So, in the thread Shelter in Place was disappointing
, Jackson Tegu led the way in reflecting on a game several S-G members played in (including me). After a lot of discussion, some obviously fruitful and some perhaps not, among both people who were present and people who were not, and those familiar with the game and those not, the perhaps inevitable "discussion about how to have this discussion" started up. To wit:
Posted By: jackson teguI think it's good for us to learn how to critique things as a community. An apology to those who were shocked by this approach; we'll smooth it out as we get better at talking about troublesome things.
Posted By: GrahamIt's about telling the story behind the critique. Why did you collectively decide to critique this game? Why a public conversation, rather than a private note to the designer or publisher? What was the conversation that led to the decision (implicit or explicit) to criticize? Who said what to who?
Posted By: John HarperI'd appreciate more threads like this. Maybe a category: Post Game Breakdown, or something.
This place needs more thoughtful critique, don't you think?
Story Games is about games, not solely about game design or game advocacy, right?
We write about larger marketed games critically, why not smaller marketed games too?
Well, I think that's a worthy conversation that deserves its own thread. So here we go!First, some ground rules for this thread:
Whatever you write, always make sure that you:
1) Tell your story, or
2) Ask a question.
and throughout it all,
3) Interpret generously.
1) means BOTH telling your story, as opposed to your opinion, belief, judgment or a "fact" divorced from your experience, AND telling your story, not anyone else's in the conversation. "I have a friend who..." is fine, but "well, what you experienced was CLEARLY the result of..." is not.
2) is what you can do if you don't understand someone else's experience, or if it differs from your own, or whatever. You're asking for the sake of improving your own understanding, not debating or demanding proof.
3) is the social glue that keeps the conversation both fruitful and affirming. It's not merely the social judo of read charitably, that is, "I think you're being a jerk but I'll pretend your said something nice." Rather, this is really believing the best possible intent and good faith behind everyone's statements.
We're no longer talking about the Shelter in Place game at Gamestorm, per se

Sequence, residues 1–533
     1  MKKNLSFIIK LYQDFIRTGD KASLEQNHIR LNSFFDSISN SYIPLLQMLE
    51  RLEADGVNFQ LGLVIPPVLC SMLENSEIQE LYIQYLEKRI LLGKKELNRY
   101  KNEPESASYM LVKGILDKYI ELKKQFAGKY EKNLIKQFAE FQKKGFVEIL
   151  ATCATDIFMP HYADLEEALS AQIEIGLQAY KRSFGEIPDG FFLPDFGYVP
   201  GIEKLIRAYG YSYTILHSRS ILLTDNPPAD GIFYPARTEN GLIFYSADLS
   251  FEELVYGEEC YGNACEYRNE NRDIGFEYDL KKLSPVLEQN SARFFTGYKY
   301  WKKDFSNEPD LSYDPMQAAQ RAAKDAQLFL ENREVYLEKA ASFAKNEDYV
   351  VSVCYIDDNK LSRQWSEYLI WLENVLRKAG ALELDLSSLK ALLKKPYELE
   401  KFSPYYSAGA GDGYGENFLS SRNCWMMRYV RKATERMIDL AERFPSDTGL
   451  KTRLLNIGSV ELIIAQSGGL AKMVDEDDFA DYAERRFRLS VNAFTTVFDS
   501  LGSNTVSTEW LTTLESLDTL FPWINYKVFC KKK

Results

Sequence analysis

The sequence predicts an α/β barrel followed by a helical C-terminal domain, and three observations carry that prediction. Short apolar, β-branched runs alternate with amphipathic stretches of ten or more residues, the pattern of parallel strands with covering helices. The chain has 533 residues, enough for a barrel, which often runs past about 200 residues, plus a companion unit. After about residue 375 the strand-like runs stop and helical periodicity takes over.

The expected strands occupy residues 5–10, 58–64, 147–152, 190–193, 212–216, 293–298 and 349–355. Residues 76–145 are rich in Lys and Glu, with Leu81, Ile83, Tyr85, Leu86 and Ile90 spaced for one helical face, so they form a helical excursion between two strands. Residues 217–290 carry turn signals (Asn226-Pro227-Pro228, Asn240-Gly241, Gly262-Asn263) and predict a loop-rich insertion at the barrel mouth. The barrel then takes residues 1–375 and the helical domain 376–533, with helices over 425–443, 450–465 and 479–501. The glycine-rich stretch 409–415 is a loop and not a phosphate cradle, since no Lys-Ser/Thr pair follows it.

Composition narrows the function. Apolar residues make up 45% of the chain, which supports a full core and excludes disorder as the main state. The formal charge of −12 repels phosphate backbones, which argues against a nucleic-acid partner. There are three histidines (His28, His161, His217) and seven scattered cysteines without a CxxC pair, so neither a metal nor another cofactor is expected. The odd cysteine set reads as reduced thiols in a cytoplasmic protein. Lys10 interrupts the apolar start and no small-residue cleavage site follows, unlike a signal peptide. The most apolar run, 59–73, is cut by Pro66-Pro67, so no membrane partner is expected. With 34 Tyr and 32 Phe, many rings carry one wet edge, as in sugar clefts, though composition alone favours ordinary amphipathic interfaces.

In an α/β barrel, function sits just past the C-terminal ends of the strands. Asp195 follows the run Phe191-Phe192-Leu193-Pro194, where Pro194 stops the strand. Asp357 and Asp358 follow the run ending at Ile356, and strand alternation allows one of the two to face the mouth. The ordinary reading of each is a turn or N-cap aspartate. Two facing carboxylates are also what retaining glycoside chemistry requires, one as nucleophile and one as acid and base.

. Rather, we're using the SiP game as an example of both a game that contained some obstacles to engagement, AND a discussion of those experiences. So we'll be drawing on that thread as a case study for how to discuss this kind of thing as a community.
I found the previous thread difficult to engage with in a couple of different ways. First, I had a very different experience than a lot of my fellow players, so I had to manage a lot of defensive and reactionary impulses while reading. When I DID post, I focused on my experience (telling my story), and noting the similarities and differences between mine and that of others.
Second, I had difficulty engaging with some of the comments from people who weren't there, because they felt dismissive of our experiences, whether by contrasting them with their own, or explaining them away, or whatever. I could generally see past that to the positive contributions people were trying to make, and the thread has generated discrete, practical solutions (Lanyards! LEDs! Outdoor play space! Visual props for character powers!). But it's an energy drain and a stress generator when those helpful ideas are filtered through statements I recieve as judgmental or dismissive. And bear in mind, I was the player who actually enjoyed
the game! But even so, I felt like I was in an unsafe place to share my experiences and feelings.
So the "how can we talk about this kind of thing" conclusions that I draw are: we probably need several people who played the game together to participate in the thread for it to be productive, so they can compare and contrast their experiences. Active listening is a plus here, of course, with the understanding that no one's experiences invalidate the others. And we need to ground the discussion in the actual events of play, how those events impacted the participants' enjoyment and on concrete steps they could take to improve it. People from outside the experience putting their own stamp on that experience is a downer and seems to result mostly in defensiveness and arguments over theory. Folks who didn't play can best engage by asking questions about the experiences of the players to help them tease out why things went down the way they did, or sharing their own experiences that shed light on the game at hand.
Anyone else? How would you describe your experience of this thread, that thread, that game, or other games? What questions do you have about ay and all of the above?
-JoelEdited to remove some argumentative and accusatory stuff that on reflection, was unfair and hypocritical given my thread guidelines.